Tue, 26 May 2009 17:38:23 +0000 – The world thunderously opposes the North Korean a-bomb blast, vowing decisive action. Or does it?
No matter what the answer to the above question, there's no doubt the world is watching to see what President Obama will do. So far, the signs are not encouraging.
The mainstream media is doing its best to paint a rosy scenario of a post-George W. Bush world, falling into line behind Barack Obama's leadership.
The headlinein The Washington Post is both blunt and encouraging: "North Korea Nuclear Blast Draws Global Condemnation/China, Russia Decry Ally." The Post goes on to quote the Chinese as saying that they are "resolutely opposed" to such tests.
So on Monday, Obama issued astern-sounding declaration:
"The danger posed by North Korea's threatening activities warrants action by the international community. We have been and will continue working with our allies and partners in the Six-Party Talks as well as other members of the U.N. Security Council in the days ahead."
Yes, those are good words, but it's worth noting that Obama's policy is indistinguishable from Bush's policy--and that's what got us to where the North Koreans figure they can set off nukes, and fire missiles, with impunity.
Thus the question: Is any of this anti-North Korean action real? Will it change the behavior of North Korea? The answer, sadly, is probably not. By Tuesday, the White House agenda had already changed: The new line was securing the Supreme Court confirmation of Judge Sonia Sotomayor.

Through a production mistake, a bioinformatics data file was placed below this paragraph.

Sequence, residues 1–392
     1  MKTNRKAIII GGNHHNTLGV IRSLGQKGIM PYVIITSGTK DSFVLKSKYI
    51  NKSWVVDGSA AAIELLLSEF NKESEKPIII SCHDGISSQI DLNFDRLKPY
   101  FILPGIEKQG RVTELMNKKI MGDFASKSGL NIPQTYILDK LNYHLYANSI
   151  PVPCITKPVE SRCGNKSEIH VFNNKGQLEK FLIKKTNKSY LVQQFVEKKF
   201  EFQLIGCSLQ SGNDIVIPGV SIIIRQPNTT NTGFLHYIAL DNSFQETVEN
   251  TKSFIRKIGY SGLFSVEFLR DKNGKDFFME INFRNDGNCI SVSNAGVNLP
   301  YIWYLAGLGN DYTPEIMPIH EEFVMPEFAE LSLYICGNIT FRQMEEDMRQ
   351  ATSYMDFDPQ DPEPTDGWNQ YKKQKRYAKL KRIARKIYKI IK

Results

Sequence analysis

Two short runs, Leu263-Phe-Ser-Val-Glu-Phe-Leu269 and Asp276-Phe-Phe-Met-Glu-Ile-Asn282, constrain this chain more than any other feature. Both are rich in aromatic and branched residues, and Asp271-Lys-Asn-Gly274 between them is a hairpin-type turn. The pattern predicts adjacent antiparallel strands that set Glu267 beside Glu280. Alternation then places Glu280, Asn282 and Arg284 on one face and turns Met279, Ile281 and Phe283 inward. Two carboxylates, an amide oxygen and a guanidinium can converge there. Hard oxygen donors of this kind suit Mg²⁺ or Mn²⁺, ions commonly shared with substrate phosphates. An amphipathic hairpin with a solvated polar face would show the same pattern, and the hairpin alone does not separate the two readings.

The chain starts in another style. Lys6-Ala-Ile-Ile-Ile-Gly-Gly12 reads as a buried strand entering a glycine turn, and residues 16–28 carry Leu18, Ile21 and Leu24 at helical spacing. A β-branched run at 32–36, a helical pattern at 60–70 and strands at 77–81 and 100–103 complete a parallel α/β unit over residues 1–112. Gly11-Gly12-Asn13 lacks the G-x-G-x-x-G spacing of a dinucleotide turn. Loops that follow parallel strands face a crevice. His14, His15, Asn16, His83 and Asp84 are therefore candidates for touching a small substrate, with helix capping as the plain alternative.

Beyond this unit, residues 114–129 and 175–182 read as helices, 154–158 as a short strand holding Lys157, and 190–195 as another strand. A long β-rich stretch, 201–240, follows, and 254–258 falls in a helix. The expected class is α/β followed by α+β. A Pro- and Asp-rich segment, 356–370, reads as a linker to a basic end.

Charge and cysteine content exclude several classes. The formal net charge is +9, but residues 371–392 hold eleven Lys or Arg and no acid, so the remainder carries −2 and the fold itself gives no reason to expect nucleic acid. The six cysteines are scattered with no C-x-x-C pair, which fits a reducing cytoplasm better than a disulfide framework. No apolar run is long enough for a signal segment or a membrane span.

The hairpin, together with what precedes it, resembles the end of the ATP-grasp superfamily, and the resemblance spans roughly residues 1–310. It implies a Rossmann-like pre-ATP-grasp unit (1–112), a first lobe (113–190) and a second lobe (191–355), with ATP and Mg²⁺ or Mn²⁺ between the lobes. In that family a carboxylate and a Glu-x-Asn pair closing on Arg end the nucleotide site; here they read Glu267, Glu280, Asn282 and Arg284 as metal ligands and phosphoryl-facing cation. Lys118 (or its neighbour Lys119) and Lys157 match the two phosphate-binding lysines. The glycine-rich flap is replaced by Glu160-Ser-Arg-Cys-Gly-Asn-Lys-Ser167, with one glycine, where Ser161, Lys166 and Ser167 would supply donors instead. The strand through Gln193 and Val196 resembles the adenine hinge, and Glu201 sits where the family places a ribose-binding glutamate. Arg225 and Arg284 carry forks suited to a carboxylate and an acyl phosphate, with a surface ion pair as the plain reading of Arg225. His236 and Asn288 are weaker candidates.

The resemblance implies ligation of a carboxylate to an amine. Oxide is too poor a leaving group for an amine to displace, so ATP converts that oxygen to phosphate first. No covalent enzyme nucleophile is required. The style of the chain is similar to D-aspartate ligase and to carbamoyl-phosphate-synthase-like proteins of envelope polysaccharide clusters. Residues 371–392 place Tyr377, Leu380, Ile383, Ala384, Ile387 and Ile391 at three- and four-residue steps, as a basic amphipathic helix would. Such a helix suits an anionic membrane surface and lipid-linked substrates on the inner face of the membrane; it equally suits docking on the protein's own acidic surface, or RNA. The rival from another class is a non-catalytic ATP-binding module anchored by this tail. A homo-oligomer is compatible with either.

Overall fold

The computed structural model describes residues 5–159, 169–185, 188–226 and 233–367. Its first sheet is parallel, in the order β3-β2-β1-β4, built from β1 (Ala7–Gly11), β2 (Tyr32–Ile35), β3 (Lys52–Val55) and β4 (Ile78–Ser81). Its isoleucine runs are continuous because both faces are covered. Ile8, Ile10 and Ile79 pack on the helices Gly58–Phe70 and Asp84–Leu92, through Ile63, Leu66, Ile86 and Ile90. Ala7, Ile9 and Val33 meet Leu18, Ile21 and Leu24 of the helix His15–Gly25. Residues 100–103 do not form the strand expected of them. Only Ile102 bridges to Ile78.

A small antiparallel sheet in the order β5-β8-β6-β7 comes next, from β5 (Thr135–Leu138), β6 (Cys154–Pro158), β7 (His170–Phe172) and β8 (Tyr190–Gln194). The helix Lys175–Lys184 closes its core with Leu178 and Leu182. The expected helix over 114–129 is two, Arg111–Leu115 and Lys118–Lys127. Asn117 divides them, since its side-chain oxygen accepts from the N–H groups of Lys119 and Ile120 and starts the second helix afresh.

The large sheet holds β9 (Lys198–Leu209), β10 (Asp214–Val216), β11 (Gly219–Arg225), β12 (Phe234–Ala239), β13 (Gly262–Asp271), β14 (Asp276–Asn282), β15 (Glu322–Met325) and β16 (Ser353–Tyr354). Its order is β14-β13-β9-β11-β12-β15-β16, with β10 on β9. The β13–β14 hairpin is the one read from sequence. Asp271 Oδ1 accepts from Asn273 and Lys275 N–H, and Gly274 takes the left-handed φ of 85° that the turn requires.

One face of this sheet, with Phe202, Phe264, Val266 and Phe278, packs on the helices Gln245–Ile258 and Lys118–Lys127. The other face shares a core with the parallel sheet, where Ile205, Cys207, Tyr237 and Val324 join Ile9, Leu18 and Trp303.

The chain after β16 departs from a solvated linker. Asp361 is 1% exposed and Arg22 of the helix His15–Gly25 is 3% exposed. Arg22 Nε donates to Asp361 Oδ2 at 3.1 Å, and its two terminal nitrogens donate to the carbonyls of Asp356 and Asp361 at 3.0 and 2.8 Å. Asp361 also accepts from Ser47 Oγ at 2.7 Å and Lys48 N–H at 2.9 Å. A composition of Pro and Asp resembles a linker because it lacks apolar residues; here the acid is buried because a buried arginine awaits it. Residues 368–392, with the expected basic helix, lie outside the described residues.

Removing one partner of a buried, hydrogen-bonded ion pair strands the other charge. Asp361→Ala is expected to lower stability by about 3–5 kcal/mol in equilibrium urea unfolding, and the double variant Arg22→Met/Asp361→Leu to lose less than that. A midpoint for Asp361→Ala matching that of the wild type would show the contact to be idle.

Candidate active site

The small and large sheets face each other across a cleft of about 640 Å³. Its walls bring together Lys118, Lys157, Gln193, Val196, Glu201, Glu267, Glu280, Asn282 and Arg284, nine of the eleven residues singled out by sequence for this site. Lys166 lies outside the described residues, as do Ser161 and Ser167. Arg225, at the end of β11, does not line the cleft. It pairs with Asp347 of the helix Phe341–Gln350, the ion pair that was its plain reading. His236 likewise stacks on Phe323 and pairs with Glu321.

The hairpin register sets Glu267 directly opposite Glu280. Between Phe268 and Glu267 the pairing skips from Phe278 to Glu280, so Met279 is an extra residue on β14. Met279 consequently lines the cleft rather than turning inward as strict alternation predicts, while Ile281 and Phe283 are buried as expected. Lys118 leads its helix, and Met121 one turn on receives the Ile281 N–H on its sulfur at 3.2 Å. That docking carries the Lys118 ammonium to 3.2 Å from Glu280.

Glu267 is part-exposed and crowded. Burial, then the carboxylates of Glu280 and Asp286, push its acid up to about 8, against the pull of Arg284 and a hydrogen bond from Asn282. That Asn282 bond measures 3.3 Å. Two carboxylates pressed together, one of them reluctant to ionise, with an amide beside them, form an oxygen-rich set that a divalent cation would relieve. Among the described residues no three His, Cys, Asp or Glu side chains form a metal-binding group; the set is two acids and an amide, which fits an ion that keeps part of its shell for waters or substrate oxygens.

Yes, the United Nations Security Council can meet and resolve something, but it's not apparent that one member of the Security Council, China, is in fact "resolutely opposed" to what North Korea just did. And it is readily apparent that China would oppose any sort of preemptive strike on North Korea's nuclear or missile facilities, to say nothing of "regime change."
It's worth remembering that obnoxious as the North Korean regime might be to us, the Pyongyang regime is not so obnoxious to their fellow communists next door, in the People's Republic of China. Yes, China has changed, but the two countries fought a war together, back in the 50s, against Uncle Sam. To many Americans, lamentably, the Korean War, 1950-1953, is "the forgotten war"--even if 36,940 Americans died in the conflict. But the historically minded Chinese remember that they lost on the order of 900,000 men in that conflict. So there's a martial fraternity between the two countries, sealed in blood. Meanwhile, the rest of the world doesn't seem to mind seeing more non-Western countries getting nukes, as a way, perhaps, of balancing planetary power.
Thus the North Koreans are confident in the hand they are playing. Sure, their people might starve in the wake of some new round of sanctions, but they have demonstrated that they don't really care about their people. What they do care about is being international big shots, and that they are.
And of course, on the other side of the world, the Iranians are watching closely. "If Kim Jong Il can have nuclear weapons," Mahmoud Ahmadinejad must be saying to himself, "then why can't I?"
Let's face it: Right now, the calculus in favor of having nuclear weapons is a lot stronger than the calculus against.
In today's world, if the big powers decide they don't like you, you can be removed from power. That's what happened to Slobodan Milosevic, ex-president of Serbia. He got crosswise with the European Union in the 90s, and the next thing he knew, he was in an International Court jail cell in The Hague, where he died in 2006. And that same year, 2006, saw the hanging, in Baghdad, of Saddam Hussein. Saddam, of course, tried to fool the rest of the world into thinking he had weapons of mass destruction. That bluff was punctured by the U.S. in 2003, and look where he ended up.